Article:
• Bumblefoot
  • Red Mite
  • Feather pecking (matriarch bully)
The First Problems
Well, the next summer was rather Spartan on the flower front. The chickens and the ducks ate almost everything before many of our plants could germinate. The effect looked bad. The surviving plants that did grow looked sparse and scattered. We had to go to the nurseries and buy new perennials to replace those eaten by the chickens and ducks. We also decided to keep them within the confines of the large chicken coop. This worked for a short time. We had one chicken with bumblefoot. This my wife cured with a magnesium compound and foot dressing. We also had Red Mite. We had to douse the chickens with special Red Mite powder. The chicken hutch thoroughly disinfected every week with Jeyes fluid.
The Matriarch (The Final Problem)
Chickens are rather social creatures in a group. But hens are obviously all female. They squabble and bicker among themselves and a dominant hen will always rise to recognition among the others. Our matriarch chicken is called Tippy. She started to call the shots. The others hens would dutifully follow their matriarch’s example. What she disliked, every chicken disliked.
The chickens and the ducks seemed to get by fine. However, with our three ducks was an old drake called Polo. I put him in the past tense because the old lad has passed away since. But at the time I speak of, he still had a couple of years to go. This old drake was not liked by Tippy. After a time her aversion developed to a stage whereby she started to peck the old boy. Of course, all of the hens joined in. I had to create a new coop for the ducks because Polo was getting extremely traumatised. I put a wire fence between the chickens and ducks. This worked and old Polo settled down.
Next Tippy began to take a dislike to one of her hens in the group. This little hen was named Chickie. I had another old chicken hutch in by my garden shed. Therefore I segregated Chickie and put her here on her own. I had three ducks in a section of the coop and five chickens in the other section. Then there was Chickie walking about the garden when we let her out of the spare chicken hutch.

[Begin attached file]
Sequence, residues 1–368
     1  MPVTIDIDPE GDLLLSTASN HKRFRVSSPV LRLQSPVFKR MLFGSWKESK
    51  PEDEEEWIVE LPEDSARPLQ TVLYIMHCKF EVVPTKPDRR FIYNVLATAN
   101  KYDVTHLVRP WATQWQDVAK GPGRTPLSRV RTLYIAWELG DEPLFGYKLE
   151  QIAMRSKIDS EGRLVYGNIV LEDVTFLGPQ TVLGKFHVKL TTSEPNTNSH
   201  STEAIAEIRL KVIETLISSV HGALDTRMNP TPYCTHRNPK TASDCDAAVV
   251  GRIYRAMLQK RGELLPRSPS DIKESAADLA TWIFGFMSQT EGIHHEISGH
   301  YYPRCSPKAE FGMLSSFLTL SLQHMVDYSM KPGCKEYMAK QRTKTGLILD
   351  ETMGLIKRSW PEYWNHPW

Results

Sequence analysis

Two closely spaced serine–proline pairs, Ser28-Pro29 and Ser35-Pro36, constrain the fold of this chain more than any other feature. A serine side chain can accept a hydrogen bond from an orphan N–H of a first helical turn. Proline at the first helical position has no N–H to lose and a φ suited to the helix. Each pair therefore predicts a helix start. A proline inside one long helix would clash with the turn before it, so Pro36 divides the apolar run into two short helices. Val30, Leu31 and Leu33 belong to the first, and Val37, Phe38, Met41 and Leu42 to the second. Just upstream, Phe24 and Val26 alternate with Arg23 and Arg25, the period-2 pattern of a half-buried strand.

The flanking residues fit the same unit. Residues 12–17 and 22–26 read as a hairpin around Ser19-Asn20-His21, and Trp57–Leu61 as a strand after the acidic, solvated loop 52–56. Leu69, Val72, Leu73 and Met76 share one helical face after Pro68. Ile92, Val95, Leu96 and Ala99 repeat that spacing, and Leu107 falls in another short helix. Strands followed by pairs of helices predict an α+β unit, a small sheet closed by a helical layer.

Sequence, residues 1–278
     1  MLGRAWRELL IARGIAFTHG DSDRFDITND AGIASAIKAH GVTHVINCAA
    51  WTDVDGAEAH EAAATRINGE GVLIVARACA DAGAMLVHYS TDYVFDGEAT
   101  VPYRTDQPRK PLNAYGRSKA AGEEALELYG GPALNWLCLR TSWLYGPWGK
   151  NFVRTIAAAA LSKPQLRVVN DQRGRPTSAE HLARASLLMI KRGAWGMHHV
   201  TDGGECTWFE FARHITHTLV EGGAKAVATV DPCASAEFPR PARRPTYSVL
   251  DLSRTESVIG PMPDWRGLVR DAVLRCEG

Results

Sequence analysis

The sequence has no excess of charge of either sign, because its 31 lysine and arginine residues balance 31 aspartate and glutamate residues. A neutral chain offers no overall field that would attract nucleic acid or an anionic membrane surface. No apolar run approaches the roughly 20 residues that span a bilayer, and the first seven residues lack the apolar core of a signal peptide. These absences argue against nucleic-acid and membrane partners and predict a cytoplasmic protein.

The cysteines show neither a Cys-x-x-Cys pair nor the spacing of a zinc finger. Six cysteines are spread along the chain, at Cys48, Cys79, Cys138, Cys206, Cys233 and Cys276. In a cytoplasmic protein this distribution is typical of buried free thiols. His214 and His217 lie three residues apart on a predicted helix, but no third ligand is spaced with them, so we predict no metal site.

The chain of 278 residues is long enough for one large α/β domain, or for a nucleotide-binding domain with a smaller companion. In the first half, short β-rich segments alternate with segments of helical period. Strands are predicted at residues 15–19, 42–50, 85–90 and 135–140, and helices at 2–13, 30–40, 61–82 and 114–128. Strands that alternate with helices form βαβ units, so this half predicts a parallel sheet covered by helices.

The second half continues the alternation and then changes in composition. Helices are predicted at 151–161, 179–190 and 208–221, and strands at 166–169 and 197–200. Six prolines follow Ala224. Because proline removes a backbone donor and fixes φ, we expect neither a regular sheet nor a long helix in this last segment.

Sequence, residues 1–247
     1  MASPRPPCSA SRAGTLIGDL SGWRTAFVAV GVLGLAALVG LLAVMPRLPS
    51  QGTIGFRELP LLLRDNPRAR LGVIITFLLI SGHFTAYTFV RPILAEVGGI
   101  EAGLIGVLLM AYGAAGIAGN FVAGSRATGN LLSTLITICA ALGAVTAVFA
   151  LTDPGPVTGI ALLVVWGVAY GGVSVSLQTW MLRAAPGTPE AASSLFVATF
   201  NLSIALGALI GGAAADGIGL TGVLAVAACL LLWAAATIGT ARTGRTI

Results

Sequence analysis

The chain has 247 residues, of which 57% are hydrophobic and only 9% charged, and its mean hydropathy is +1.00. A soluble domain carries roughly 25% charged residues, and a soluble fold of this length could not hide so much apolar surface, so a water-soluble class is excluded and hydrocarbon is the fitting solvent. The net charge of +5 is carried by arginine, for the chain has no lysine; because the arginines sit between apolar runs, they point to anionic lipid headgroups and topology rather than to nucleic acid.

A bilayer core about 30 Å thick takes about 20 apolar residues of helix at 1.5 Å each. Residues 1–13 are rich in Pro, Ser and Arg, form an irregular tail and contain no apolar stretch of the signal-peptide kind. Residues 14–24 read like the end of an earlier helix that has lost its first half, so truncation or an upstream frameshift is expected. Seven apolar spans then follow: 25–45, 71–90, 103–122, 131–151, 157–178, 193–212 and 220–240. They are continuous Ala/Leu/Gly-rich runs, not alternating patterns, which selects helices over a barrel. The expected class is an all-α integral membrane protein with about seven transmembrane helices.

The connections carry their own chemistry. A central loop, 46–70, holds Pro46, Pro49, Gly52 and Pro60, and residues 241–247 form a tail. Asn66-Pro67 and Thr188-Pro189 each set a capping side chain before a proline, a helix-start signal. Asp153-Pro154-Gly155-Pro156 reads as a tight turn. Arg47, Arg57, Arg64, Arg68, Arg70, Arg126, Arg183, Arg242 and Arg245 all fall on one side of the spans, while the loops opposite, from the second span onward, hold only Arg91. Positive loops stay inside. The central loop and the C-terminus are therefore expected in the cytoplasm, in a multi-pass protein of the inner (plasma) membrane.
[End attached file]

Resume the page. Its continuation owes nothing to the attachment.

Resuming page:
What About a Cockerel?
My wife and I began to ponder the problem. I suggested a cockerel. A cockerel would calm the hens down and he would also put the matriarch in her place. My wife was concerned that the cockerel would do its thing of cockle doodle do in the morning, every morning and much to the annoyance of the neighbours. There is a law in urban areas about keeping cockerels. However, our house is almost rural. Our street has the fenland on the other side of the road and the next town is fifteen plus miles away. There is nothing but fields to the next town. However, we are in a small town, even if my street is the last road in the town.
I wanted a cockerel and was prepared to take a chance with the neighbours. I often heard other cockerels in town too. I work in the next town of Chatteris. I hear a cockerel here every morning too. The Fenlands is, by far rural, and most people in the small English hamlets don’t take much notice of this type of thing. I tried to explain this to my wife. She half agreed but there remained some doubt.
The breed of chickens we keep is called Rhode Island Reds. When I bought them there was a cockerel Rhode Island Red at the farm. He looked absolutely resplendent as he strutted about the place. He was a big old lad. Again, my wife said that he would make too much noise. She knows more than me on the subject. I come from London’s east end. The district of Bow. I don’t know much about this type of thing. My wife came from Burnham-on-Crouch. She has had chickens as a child. She remembers her Grandmother having to use a chair to get the eggs in the coop because the cockerel would get a little aggressive and protective of the hens.